By tracing the development of the Ann Arbor campus from its early days to the present, within the context of the evolution of higher education in America, Mayer provides a strong argument for the importance of rigorous and enlightened campus planning as a critical element of the learning environment of the university. His comprehensive history of campus planning, illustrated with photos, maps, and diagrams from Michigan’s history, is an outstanding contribution to the university’s history as it approaches its bicentennial.
Examines how settler colonial and sexist infrastructures and narratives order a resource boom
Over the past decade, new oil plays have unsettled U.S. energy landscapes and imaginaries. Settling the Boom studies how the disruptive forces of an oil boom in the northern Great Plains are contained through the extension of settler temporalities, reassertions of heteropatriarchy, and the tethering of life to the volatility of oil and its cruel optimisms.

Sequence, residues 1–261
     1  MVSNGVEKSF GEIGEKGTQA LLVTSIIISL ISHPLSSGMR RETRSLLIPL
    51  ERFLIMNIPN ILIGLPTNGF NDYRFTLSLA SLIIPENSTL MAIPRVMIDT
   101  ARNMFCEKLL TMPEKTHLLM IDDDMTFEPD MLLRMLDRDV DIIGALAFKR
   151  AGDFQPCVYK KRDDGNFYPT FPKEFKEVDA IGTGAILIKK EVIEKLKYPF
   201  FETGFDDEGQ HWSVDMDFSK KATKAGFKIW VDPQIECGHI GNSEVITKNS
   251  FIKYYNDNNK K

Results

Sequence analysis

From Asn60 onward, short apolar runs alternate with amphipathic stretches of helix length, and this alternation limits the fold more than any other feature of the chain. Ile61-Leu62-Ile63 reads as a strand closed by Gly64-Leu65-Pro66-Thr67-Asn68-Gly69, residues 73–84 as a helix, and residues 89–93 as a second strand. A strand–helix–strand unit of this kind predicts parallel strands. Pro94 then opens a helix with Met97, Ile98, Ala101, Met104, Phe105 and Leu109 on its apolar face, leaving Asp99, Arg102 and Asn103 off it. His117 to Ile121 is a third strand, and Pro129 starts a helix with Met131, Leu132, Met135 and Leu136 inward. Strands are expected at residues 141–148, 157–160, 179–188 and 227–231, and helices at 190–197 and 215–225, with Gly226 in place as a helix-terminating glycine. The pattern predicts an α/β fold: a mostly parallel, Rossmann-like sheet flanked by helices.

This collection reveals the results of sustained research in Williston, North Dakota, the epicenter of the “Bakken Boom.” While the boom brought a rapid influx of capital and workers, the book questions simple timelines of before and after. Instead, Settling the Boom demonstrates how the unsettling forces of an oil play resolve through normative narratives and material and affective infrastructures that support settler colonialism’s violent extension and its gendered orders of time and space. Considering a wide range of evidence, from urban and regional policy, interviews with city officials, media, photography, and film, these essays analyze the ongoing material, aesthetic, and narrative ways of life and land in the Bakken.
Contributors: Morgan Adamson, Macalester College; Kai Bosworth, Virginia Commonwealth U; Thomas S. Davis, Ohio State U; Jessica Lehman, Durham U.